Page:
Masks fit over the nose and mouth but don't make a tight seal the way that respirators so. Masks that take replaceable filters can provide significant protection but some of the inhaled and exhaled air will still make it around the mask and therefore not get filtered. A good way to evaluate the effectiveness of your mask is to take the sunglass-test: put on the mask and a pair of sunglasses and then walk up a flight (or a few flights) of stairs to get your heart rate up. If the sunglasses fog up, it means that air is flowing around your mask and this can be dangerous in high-risk environments (more about this in the next Pearl). These masks are fine for outdoor activities like hiking or brief excursions to well-ventilated stores to pick up a few items and they do offer protection against larger droplets that might hit your face if someone sneezes or coughs on you but they are not sufficient for higher-risk environments like a shared office, busy cash register, or an hour of shopping at a place like Costco.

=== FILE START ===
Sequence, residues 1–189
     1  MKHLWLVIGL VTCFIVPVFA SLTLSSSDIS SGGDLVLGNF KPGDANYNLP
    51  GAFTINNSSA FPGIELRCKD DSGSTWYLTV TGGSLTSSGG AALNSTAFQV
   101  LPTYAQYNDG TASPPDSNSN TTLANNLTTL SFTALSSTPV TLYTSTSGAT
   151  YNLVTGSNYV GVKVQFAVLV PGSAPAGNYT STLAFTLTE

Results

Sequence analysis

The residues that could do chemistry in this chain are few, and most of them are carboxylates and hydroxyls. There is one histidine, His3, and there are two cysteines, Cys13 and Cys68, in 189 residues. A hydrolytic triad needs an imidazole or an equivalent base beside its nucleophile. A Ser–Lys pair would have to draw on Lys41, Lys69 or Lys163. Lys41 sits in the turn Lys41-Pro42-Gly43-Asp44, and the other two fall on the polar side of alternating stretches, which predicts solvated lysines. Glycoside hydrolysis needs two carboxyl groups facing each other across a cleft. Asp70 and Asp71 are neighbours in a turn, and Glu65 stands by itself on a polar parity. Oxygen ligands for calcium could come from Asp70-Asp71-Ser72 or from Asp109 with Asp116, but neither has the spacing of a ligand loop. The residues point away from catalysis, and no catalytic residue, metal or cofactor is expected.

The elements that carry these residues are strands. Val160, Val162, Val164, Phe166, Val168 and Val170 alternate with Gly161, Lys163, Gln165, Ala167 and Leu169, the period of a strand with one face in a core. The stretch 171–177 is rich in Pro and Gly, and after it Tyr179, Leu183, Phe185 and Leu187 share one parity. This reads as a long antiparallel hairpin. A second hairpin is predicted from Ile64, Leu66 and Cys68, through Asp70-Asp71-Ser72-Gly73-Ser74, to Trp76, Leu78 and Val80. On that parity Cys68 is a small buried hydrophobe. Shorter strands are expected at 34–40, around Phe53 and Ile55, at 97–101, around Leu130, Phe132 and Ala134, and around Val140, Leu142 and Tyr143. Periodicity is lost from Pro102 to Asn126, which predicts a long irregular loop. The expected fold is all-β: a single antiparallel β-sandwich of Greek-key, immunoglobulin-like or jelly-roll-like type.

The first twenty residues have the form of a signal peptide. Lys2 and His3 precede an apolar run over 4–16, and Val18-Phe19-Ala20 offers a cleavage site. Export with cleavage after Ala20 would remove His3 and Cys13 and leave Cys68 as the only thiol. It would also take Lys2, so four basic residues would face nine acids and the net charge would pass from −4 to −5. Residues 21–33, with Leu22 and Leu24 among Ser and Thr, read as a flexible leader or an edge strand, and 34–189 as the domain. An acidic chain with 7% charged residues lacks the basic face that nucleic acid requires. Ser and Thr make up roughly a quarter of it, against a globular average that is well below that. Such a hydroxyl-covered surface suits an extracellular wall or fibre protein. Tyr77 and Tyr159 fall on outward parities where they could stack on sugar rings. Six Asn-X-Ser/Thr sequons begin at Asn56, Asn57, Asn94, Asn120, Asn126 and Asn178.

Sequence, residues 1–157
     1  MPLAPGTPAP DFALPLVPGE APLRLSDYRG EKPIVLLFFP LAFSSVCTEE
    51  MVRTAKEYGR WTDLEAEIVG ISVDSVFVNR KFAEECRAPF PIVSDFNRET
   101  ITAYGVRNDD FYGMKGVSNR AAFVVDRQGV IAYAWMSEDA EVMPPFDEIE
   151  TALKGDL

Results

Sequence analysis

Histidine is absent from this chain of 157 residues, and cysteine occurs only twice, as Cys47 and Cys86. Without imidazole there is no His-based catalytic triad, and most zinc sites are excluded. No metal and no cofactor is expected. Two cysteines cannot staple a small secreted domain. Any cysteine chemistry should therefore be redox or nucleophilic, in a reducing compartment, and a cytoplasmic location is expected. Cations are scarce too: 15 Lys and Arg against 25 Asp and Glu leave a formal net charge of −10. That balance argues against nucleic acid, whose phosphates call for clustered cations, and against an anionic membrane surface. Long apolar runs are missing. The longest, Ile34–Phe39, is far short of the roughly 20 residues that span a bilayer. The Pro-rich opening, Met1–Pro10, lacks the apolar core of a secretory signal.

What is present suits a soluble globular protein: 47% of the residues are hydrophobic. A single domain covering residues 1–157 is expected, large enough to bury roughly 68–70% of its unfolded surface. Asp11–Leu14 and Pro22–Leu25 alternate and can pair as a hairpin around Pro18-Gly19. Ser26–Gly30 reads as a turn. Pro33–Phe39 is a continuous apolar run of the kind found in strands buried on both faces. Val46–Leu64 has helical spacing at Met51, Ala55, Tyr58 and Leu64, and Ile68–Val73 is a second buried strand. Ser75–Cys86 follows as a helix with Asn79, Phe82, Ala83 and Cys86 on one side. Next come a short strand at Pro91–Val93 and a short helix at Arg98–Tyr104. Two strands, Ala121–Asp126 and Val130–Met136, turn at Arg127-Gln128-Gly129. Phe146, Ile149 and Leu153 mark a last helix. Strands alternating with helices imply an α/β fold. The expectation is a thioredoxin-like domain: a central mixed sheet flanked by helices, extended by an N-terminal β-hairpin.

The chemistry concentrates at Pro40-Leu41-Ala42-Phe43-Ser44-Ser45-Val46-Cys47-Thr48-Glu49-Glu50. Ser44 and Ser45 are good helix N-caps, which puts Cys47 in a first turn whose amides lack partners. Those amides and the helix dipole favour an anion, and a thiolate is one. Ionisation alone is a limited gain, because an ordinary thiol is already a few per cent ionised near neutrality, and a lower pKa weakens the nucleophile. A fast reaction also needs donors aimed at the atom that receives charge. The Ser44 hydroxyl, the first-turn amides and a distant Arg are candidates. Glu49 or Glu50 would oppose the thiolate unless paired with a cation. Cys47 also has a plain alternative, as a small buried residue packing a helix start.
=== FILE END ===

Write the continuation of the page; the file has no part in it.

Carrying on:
Wraps are typically made of cloth. They can be wrapped around the face and head more than once to provide extra layers of protection. They are often more comfortable to wear than respirators or masks and can make a better seal around the nose and mouth than many masks. Wraps made of a tightly weaved cloth (like flannel) can offer better protection than most masks and have the advantage of being washable.
The Bottom Line: I recommend everyone have at least one respirator and one mask or wrap in good condition. We need to have a face-covering on at all times when we are around people who are not members of our households including close friends and relatives. At my office, we sell respirators from O2 Canada which have a higher efficiency rating and are more comfortable for long term wear than traditional N95 respirators. If you are interested in purchasing one, let us know.